HeidelbergCement to develop world’s first carbon neutral cement plant
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Combustion Industry News Editor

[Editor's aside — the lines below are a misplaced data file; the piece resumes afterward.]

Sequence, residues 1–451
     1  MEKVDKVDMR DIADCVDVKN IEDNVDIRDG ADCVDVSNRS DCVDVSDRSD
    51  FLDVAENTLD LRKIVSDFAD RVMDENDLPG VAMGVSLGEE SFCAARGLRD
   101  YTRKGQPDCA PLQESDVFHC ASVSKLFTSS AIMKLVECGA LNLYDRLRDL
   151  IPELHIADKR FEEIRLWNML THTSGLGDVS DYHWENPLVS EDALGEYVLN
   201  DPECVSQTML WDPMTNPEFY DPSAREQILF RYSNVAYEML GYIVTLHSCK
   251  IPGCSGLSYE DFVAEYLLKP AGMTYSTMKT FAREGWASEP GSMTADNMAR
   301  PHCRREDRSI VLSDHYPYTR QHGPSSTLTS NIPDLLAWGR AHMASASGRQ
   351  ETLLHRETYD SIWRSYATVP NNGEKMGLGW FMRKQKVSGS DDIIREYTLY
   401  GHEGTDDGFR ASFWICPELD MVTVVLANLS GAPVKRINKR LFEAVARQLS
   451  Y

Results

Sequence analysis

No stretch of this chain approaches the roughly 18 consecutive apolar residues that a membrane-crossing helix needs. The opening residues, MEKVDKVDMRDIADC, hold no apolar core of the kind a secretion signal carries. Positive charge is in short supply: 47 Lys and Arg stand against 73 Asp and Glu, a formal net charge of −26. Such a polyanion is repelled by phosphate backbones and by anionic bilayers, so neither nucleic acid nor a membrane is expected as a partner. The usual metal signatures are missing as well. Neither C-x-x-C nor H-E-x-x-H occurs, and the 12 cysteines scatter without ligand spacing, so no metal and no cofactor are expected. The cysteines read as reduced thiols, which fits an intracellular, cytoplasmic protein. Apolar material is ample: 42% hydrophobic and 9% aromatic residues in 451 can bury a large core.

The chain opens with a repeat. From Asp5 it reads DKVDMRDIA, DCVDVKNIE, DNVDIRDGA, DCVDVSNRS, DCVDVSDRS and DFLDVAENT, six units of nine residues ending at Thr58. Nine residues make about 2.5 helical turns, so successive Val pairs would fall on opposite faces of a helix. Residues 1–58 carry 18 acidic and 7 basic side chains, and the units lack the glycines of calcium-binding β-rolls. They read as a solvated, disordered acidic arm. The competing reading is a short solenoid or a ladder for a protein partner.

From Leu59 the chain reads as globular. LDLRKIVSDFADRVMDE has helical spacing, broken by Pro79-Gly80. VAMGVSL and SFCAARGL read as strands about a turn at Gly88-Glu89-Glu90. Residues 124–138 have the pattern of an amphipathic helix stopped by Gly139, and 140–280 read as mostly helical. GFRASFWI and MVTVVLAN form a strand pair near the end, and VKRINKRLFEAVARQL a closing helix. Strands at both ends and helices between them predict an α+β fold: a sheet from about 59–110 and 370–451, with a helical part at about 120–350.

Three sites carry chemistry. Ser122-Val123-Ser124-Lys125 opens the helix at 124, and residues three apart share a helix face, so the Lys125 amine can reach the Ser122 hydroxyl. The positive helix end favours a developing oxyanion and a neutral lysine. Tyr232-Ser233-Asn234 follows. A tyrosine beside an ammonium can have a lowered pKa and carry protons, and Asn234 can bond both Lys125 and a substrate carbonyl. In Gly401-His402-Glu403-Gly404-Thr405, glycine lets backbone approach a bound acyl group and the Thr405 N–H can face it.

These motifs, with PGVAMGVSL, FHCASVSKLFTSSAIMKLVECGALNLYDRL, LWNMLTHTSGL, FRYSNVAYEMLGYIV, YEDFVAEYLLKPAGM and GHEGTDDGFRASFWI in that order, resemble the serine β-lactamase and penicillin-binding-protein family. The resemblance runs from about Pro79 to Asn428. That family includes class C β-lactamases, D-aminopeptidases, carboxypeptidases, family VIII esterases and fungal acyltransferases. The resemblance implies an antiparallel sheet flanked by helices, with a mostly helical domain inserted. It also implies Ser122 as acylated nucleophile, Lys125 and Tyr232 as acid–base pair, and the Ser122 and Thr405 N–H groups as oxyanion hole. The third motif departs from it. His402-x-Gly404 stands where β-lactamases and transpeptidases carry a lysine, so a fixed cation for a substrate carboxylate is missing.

HeidelbergCement has announced that it will attempt to develop the world’s first net-zero carbon emissions cement plant in Slite, Sweden by 2030, as the Financial Times reports. The company is already working on a US$397 million (€326 million) carbon capture facility at its Brevik plant in Norway, for which it received governmental approval late last year, along with two-thirds funding from the Norwegian government. While it is due to come online in 2024, Heidelberg is stepping up its decarbonisation efforts. The Slite project, more ambitious, and at Sweden’s largest cement plant, is expected to cost three to four times that of the Brevik one, and although there will probably be funding from the Swedish government, it will not form as high a portion of the costs. Swedish minister for enterprise Ibrahim Baylan told reporters that in the long run, “we expect industry to make these investments for themselves,” which is perfectly reasonable after the industry and the markets around it become mature. Initially, the Slite installation will store captured carbon dioxide in depleted oil and gas fields, but Heidelberg will explore means of turning this into utilisation, rather than storage, to create a revenue stream. For the cement industry as a whole, responsible for something like 18% of industrial CO2 emissions, the announcement is a highly significant one, given also that it is difficult to replace the core process of calcination. Mr Baylan argues that for Heidelberg, it will be a move that will put the company in an ideal place to increase its global market share by being a leader in low/zero-carbon cement.